Second, planting more trees throughout the city is extremely important, but the proposed number is not enough in terms of having adequate green space within the city. We need to not only plant more trees, but remove significant amounts of the existing concrete and asphalt which covers the soil. An aggressive and massive shift to urban agriculture would be necessary to not only reduce carbon emissions locally it would provide people with more fresh food, employment opportunities and ways to reduce their budget needs. Massive urban agriculture would especially be of benefit in poor neighborhoods of color, all of which are faced with limited access to healthy and fresh foods where they live.

Third, making buildings more energy efficient is important in that is can reduce our levels of fossil fuels. However, I don’t understand why the Mayor wants to assist the privately owned downtown property owners in reducing energy consumption. Are we always told that the private sector wants the government to stay out of their affairs? More importantly, just saying you want to reduce the energy consumption in the building in downtown Grand Rapids avoid having any discussion about what happens in those buildings and their connection to an economic system that is antithetical to reducing carbon emissions.

Some of those privately owned buildings house large commercial banks, many of which invest in economic practices that contribute to global warming. There are also brokerage firms, PR firms, law offices and a whole host of other business entities that are committed to promoting and expanding Capitalist growth that is in no way committed to reducing carbon emissions. You also have entities like the Acton Institute, a religious organization which has received significant amounts of funding from Exxon/Mobil to deny global warming is a problem.

The Problem is Bigger Than Grand Rapids

However, let’s just say for the sake of argument that Grand Rapids would be able to achieve an 80% reduction of carbon emissions by 2050. It won’t mean much if the rest of the world doesn’t do the same.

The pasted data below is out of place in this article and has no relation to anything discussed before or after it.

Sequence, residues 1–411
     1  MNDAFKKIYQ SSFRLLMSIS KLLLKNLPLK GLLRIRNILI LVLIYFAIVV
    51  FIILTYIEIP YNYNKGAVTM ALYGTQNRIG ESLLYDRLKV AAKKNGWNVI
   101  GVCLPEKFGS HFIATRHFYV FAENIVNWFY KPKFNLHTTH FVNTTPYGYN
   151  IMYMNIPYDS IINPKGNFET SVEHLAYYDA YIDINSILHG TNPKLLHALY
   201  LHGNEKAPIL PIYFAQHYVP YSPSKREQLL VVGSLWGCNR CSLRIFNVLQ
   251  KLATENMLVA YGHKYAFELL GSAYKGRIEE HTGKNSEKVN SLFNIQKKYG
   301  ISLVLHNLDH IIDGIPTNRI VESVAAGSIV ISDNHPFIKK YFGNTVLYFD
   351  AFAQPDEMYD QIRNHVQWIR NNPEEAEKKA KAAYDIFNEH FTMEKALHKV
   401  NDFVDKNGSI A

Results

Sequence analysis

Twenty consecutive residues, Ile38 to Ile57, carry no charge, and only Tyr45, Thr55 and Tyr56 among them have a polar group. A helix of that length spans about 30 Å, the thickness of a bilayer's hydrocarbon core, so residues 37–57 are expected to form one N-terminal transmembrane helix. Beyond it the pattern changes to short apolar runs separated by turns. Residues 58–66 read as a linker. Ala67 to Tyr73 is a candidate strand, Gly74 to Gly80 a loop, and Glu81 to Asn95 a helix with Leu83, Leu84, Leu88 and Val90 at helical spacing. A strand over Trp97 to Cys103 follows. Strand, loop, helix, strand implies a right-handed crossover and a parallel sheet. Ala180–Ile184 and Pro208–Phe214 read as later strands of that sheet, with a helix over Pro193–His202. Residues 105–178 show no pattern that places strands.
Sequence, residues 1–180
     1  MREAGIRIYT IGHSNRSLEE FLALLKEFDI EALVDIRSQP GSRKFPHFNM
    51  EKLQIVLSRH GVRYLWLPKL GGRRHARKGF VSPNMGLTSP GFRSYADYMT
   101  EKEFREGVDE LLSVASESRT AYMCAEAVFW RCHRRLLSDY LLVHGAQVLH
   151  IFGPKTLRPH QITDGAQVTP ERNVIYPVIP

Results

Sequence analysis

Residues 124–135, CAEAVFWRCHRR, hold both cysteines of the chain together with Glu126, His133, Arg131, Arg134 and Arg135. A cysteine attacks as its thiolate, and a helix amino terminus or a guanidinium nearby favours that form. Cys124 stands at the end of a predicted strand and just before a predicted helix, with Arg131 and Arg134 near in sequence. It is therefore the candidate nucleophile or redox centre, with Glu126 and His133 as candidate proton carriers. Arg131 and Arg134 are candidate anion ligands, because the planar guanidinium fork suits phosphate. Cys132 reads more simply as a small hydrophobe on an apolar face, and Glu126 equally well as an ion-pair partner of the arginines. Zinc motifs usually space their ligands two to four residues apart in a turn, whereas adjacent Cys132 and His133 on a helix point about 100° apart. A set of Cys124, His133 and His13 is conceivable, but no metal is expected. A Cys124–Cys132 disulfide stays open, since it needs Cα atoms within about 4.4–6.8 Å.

Certainly, we only have immediate control over what happens in our own bioregion, but we cannot not afford to ignore what role the people and institutions of Grand Rapids play in affecting the rest of the world.

One of the largest contributing factors to global warming is global militarism, with the US being the main culprit in producing, selling and tracking in weapons. If we are serious about reducing global carbon emissions, then we must connect our ecological efforts to anti-war and anti-militarism efforts. (See Barry Sander’s book, Green Zone: The Environmental Costs of Militarism.)

As of today, the total amount of money that has left this community to fund the wars in Iraq and Afghanistan is over $602 million dollars according to the National Priorities Project. Imagine if that money stayed in this community and was used for efforts to reduce carbon emissions.

However, an even bigger challenge is the need to radically restructure our economic system in such a way that is truly sustainable. We cannot afford to piece meal the reduction of carbon emissions or apply change in ways that do not seriously address systemic change. This of course means that it will not be easy, but we are talking about the future of humanity and unless we are willing to have serious conversation followed by serious action then I don’t see how we can avoid major catastrophe.

 

7 Comments leave one →
  1. Dave permalink
    February 10, 2011 8:23 pm

    I think that a lot of the adaptation and mitigation that will happen over the next decade will be done at the local and regional level, so I’m glad that George is looking at the future with eyes wide open. A vital urban core is critical in reducing greenhouse emissions, but I would be a bit leery about large scale agriculture in the city, with all of the possible ground contaminants. Also, those capitalists would love to make money saving the planet, and some already are. We have a perverse tax code and accountant system that ignores many of the costs of current business practices, creating many tragedies on the commons.

  2. February 10, 2011 8:26 pm

    Dave, I agree that ground contaminants is an issue, but that doesn’t preclude raised beds and we could generate a whole lot more organic matter if the city had an aggressive composting policy. I think Cuba has done some amazing things with urban ag, so I think it could be explored.

  3. Dave permalink
    February 10, 2011 8:39 pm

    I am sure it can be done, I just want to make sure it is done right.

  4. February 10, 2011 8:46 pm

    absolutely…….

  5. December 13, 2011 11:49 am

    Perfect answer! That ralely gets to the heart of it!